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What lessons can Americans learn today from a man who was President almost a century ago? Quite a bit, as it turns out.
In a lecture titled “The President Who Said No: Debt, Temperament and Calvin Coolidge’s Lessons for Today,” delivered Wednesday evening on the campus of Southern Methodist University, Amity Shlaes explained to a full-house audience that lessons from the presidency of Calvin Coolidge could solve many of the toughest challenges facing our country today. Shlaes is a senior fellow at the George W. Bush Institute, director the 4% Growth Project, and author of the new book, “Coolidge,” an authoritative biography of America’s thirtieth president. Wednesday evening’s lecture was the third in a lecture series on presidential history sponsored by the Center for Presidential History at SMU.
Perhaps the greatest challenge facing our country today is the state of the federal budget. The federal budget was an issue of particular concern in the 1920s too, as the country had just emerged from WWI with considerable debt. Luckily there was a leader, Calvin Coolidge, who cared deeply about budgets. Shlaes shared with the audience one particularly telling Coolidge quote:
"I believe in budgets. I want other people to believe in them. I have had a small one to run my own home; and besides that, I am the head of the organization that makes the greatest of all budgets, that of the United States Government. Do you wonder, then, that at times I dream of balance sheets and sinking funds, and deficits, and tax rates, and all the rest? Yes, I regard a good budget as among the noblest monuments of virtue. It is deserving of all emulation."
But Coolidge did not just dream of “balance sheets and sinking funds,” he made prudent budgeting a core principle of his presidency. The evidence of this is crystal clear. When Coolidge left office in 1929, the federal budget was smaller than when he assumed the presidency in 1923. That is a feat that few other presidents can claim.
Achieving this required a great deal of discipline, and the ability to say “no.” The incentives of elected office are such that politicians are accustomed to saying “yes.” But when Coolidge was approached for favors from the federal purse, he almost always replied “no.” This made Coolidge few friends in Washington, Shlaes told the audience, likening him to something of a Scrooge.
To Coolidge, this kind of budget discipline was essential. It was even a moral issue, but on a practical level, without budget restraint, tax cuts would not be possible. To highlight this point, Shlaes shared a story about presidential pets. In the 1920s, President and Mrs. Coolidge were given twin lion cubs as a gift from the country of South Africa. President Coolidge promptly named the cubs “Budget Bureau” and “Tax Reduction” to make his priorities clear and send a message that balancing the budget and cutting taxes must always be thought of together.
Beyond the naming choices of his pets, Coolidge took other concrete steps to keep the federal budget in line and enact tax reform. He took care to see that the White House’s own budget was in order, he demanded that his cabinet secretaries cut the budgets of their departments, and he consistently vetoed large spending bills that Congress sent for his approval. Even after Coolidge achieved a balanced budget, and indeed had a surplus of funds, he continued to meet with his budget director every week to find new ways to shrink the budget further.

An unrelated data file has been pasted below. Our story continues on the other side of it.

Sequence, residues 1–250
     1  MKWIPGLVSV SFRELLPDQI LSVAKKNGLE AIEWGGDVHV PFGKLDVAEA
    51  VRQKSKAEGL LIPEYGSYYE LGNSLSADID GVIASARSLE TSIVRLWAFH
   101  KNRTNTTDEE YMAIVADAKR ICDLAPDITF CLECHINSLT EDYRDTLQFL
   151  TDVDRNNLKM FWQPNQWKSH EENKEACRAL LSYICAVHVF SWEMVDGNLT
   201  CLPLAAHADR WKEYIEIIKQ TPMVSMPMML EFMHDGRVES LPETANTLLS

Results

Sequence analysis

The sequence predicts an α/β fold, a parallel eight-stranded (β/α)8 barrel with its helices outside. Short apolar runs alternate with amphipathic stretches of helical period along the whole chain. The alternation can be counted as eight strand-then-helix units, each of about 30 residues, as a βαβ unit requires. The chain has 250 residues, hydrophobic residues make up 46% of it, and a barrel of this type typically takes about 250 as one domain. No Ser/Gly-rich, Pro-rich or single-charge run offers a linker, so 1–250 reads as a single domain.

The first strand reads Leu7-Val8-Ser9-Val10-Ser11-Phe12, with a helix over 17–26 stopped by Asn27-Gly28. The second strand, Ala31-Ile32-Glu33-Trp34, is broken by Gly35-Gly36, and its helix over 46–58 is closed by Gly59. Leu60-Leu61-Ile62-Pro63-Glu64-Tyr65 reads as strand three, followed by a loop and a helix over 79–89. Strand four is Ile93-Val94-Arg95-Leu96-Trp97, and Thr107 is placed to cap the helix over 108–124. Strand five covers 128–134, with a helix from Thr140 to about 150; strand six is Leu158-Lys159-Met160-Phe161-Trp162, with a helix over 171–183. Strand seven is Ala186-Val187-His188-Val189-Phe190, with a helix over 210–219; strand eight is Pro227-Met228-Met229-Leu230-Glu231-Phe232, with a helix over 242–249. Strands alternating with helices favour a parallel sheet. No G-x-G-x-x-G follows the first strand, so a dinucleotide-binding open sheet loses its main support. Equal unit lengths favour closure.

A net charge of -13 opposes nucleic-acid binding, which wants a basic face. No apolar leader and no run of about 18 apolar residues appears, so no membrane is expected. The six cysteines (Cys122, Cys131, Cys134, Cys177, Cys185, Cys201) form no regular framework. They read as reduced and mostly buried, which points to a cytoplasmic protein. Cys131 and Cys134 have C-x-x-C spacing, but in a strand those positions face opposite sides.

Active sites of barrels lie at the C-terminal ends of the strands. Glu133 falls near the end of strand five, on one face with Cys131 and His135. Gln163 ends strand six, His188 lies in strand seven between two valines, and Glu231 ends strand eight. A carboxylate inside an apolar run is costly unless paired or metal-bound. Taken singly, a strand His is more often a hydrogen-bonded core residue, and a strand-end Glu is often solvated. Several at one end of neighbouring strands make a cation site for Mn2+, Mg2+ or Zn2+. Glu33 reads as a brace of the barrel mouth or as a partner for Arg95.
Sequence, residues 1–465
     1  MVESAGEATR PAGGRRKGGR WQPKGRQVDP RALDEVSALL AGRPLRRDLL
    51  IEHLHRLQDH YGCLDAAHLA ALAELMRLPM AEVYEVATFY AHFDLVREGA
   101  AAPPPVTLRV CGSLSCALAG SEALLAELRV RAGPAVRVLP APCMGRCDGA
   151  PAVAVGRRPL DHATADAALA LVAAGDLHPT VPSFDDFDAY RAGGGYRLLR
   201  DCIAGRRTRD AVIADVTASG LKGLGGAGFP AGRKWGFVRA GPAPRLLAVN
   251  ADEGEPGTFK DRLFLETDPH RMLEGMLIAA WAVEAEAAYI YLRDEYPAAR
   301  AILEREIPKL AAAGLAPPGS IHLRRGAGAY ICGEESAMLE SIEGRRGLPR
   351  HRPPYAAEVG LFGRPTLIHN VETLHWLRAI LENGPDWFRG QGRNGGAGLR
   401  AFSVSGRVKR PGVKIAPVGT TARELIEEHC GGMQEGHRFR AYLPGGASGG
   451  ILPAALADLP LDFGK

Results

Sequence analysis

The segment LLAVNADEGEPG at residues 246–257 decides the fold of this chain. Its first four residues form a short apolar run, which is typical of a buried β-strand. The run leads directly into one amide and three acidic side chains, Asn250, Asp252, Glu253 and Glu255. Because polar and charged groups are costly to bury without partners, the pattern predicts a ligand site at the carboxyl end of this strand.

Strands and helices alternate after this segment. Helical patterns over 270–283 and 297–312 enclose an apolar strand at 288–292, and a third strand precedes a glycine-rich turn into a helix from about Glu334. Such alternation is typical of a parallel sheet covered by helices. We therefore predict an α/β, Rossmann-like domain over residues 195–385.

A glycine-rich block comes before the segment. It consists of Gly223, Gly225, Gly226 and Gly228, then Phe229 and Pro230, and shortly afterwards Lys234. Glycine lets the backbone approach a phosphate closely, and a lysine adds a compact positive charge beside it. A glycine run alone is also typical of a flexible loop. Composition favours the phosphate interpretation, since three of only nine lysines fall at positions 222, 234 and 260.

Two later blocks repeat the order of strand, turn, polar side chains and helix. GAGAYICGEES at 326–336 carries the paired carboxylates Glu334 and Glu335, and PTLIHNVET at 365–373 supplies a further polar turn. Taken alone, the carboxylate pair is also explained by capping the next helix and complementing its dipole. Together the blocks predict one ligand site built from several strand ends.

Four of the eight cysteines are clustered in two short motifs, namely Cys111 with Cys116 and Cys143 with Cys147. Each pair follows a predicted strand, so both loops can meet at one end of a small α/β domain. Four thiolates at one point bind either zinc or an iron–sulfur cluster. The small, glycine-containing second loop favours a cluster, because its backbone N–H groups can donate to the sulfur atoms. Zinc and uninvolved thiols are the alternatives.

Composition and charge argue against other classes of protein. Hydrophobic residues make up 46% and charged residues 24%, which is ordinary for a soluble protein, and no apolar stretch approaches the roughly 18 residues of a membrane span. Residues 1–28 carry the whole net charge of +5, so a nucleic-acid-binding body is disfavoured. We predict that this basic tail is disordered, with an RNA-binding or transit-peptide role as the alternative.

With a sound budget in place, Coolidge was able to give Americans the gift of tax reform. Coolidge and treasury secretary Andrew Mellon cut the income tax rate, first into the 40% range, and then all the way to 25%. This rate was lower than even what Ronald Reagan was able to achieve in his landmark tax reform of 1986.
Coolidge’s leadership allowed the country to prosper. Unemployment fell and the economy experienced strong growth. Indeed, over the span of his presidency, economic growth averaged 3% to 4% on an annual basis. Coolidge was America’s “great refrainer,” as Shlaes often asserts, but indeed a refrainer who begat plenty.
It is this kind of growth that America needs today. After all, 4% growth on a sustained basis would unleash unprecedented opportunity for America and the rest of the world. If the presidency of Calvin Coolidge is one model to achieving growth, one wonders if his blueprint could be applied today. In closing her prepared remarks, Shlaes posed this very question to herself, and concluded with optimism, “YES.”
This post was written by Matthew Denhart, Research Assistant to the 4% Growth Project at the George W. Bush Institute. Previously he was administrative director of the Center for College Affordability and Productivity.
Matthew Denhart is an expert on immigration policy and is the author of the Bush Institute’s America's Advantage: A Handbook of Vital Immigration and Economic Growth Statistics, now in its third edition. He currently serves as executive director of the Calvin Coolidge Presidential Foundation and is a founder of the Coolidge Scholars Program which provides full-ride merit scholarships to America's most promising college students. A summa cum laude graduate of Ohio University, Denhart has written and spoken widely on a variety of policy topics including the economics of higher education, labor, and taxes. He has contributed articles to numerous national publications including The Wall Street Journal, Forbes.com, CNN Opinion, and Bloomberg View.Full Bio
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